Thus as near as I can tell, Tim Worstall’s objection is that t-bill can only count as productive assets and safe heavens for wealth in a depression so long as government spending is austerely controlled. As for when the inflation arrives? Like von Hayek or Henry Hazlitt or J.B. Say or number of defunct economists, Milton Friedman still rules the minds of economists, if nothing else. Thus the supply of money is held to determine inflation regardless of the “velocity of money.”

In practice, so far as I can see, the inflationary effect of money supply increases seems to depend on the intensity of deflationary pressures on prices, decreases in new investment in capital, decreases in real output, the dearth of profits in productive enterprises (even if economics can’t identify them,) the intensity of the need for assets that will keep their value (which does include gold, but gold prices are strongly manipulated plus gold is relatively scarce plus gold is simply not necessarily going to grow in value during a recovery, like real estate is supposed to.)

tl;dr? $2 000 stimulus checks will not cause inflation because most people will simply retire as many bills they already owe. Eighty-five billion dollars a month will inflate stocks and bank profits but since they count as assets this is a Good Thing. Tim Worstall as near as I can tell only sees things from the creditor standpoint. (Seeing things from the debtor standpoint is the original programmatic meaning of economic populism, dating back to the Roman Republic. Wanting to get out of a rigged game is the left-wing viewpoint, in my opinion.)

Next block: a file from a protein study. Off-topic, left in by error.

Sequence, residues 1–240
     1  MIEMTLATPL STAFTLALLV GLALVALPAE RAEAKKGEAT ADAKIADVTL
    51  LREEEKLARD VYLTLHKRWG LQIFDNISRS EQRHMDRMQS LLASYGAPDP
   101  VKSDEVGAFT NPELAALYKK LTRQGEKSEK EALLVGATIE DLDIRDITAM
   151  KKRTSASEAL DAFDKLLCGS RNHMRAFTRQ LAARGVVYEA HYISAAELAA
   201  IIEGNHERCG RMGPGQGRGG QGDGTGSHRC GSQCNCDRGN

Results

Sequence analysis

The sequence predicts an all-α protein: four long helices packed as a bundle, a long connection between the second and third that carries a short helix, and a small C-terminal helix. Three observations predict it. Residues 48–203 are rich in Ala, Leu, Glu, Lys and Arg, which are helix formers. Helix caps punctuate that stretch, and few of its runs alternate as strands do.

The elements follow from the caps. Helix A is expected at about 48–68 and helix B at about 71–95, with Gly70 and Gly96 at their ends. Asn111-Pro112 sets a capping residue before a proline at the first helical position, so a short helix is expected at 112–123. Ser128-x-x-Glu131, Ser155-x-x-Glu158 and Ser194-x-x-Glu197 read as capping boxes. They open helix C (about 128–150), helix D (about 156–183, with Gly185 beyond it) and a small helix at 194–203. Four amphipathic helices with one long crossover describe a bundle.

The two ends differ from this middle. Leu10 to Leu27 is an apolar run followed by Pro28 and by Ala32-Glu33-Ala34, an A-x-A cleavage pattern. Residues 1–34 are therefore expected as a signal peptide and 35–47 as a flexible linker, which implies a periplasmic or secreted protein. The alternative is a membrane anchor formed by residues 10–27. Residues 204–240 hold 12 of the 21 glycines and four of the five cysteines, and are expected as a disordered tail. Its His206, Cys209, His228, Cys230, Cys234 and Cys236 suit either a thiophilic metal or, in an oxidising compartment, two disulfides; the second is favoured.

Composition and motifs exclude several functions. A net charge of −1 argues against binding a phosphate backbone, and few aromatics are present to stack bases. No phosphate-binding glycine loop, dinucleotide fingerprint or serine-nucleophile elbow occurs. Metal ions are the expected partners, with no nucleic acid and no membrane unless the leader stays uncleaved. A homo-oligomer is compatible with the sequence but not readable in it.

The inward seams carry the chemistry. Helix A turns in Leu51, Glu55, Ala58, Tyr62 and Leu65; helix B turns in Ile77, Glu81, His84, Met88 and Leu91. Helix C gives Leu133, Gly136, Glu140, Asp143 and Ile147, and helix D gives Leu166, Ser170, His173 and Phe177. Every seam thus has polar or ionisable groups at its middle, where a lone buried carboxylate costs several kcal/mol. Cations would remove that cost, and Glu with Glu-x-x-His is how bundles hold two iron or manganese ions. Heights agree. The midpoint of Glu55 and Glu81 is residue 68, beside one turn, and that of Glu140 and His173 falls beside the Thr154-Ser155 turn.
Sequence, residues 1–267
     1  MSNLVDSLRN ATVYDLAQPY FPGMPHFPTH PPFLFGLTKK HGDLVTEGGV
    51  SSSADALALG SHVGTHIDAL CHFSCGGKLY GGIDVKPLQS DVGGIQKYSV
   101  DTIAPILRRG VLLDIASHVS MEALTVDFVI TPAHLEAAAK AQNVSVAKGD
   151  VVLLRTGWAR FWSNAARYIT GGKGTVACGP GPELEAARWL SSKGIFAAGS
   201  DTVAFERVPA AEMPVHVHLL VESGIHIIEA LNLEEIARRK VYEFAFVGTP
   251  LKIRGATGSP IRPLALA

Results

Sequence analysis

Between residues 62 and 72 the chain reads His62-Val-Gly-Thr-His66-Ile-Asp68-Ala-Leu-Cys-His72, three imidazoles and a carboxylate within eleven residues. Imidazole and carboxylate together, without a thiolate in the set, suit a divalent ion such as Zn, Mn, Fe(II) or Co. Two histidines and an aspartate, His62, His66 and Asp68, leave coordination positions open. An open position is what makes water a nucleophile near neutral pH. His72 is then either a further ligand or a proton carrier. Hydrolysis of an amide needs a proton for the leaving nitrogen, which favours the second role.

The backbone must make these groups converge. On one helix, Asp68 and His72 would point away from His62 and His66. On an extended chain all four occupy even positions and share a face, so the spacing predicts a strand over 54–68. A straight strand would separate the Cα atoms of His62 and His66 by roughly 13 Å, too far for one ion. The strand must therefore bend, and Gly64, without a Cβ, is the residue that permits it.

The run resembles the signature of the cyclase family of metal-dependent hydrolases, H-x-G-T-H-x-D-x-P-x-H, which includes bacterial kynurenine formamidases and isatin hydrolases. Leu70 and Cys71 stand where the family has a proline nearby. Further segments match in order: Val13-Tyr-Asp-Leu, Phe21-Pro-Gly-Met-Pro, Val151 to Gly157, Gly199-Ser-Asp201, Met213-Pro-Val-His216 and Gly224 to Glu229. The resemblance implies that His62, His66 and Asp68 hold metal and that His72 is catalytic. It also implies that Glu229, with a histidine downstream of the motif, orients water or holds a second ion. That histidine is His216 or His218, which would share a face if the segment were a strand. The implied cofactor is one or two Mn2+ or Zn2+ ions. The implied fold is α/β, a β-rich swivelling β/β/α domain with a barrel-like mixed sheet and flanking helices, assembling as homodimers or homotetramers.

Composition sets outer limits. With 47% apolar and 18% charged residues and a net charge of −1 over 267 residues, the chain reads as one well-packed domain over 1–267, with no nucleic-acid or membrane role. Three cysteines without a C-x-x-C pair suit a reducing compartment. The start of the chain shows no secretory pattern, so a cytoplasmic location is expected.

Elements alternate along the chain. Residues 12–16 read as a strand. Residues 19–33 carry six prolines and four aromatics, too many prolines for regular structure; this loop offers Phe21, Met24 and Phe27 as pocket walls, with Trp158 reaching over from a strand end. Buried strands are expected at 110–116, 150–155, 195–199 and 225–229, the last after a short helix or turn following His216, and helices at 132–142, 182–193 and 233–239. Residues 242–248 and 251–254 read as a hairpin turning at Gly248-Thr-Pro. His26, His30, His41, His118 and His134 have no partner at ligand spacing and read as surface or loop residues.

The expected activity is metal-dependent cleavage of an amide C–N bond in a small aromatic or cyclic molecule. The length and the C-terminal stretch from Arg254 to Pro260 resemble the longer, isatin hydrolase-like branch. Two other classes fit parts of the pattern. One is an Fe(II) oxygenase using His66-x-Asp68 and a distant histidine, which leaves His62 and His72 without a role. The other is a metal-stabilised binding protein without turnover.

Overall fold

10

Tim Worstall 01.04.21 at 12:36 pm

Err, no:

“Thus the supply of money is held to determine inflation regardless of the “velocity of money.””

I have a – slightly – firmer grasp on the subject than that. MV=PQ, something that despite Friedman liking it is, at a certain level, an obviousness. The amount of money times the number of times it is used is equal to the things we use money for times the amount of money we use for each thing.

We can also say – not entirely and wholly accurately but usefully enough – that M is base, narrow, or M0 money. We’ve created a lot of that with QE, righteously and justly. Can’t recall the actual figures but it’s something like £70 billion for the UK economy in 2007 and £800 billion and change today (that might be M1). Given that we’ve not seen a boom in P or Q then we must have had a fall in V.

OK. The inflation worry about the future is that V recovers. If it does – please note the if – then something else has to change to make our identity work. It’s unlikely to be Q as there’s a likely limit on how fast a mature economy can grow. 3%? 5% maybe? So, we might – if, note, if V recovers – that P does, we get inflation. Unless, that is, we sell those QE bonds back to the market, collect the cash and cancel the increase in M0 (or M1 maybe).

Far from my concerns being regardless of V they’re based upon it.

Or, if you prefer, it is M4, maybe M3, but at least the wide money supply, the narrow times velocity, which is the concern. Not the narrow supply sans any reference to velocity.

11

steven t johnson 01.04.21 at 11:36 pm

Tim Worstall@10 wrote “The inflation worry about the future is that V recovers. If it does – please note the if – then something else has to change to make our identity work.”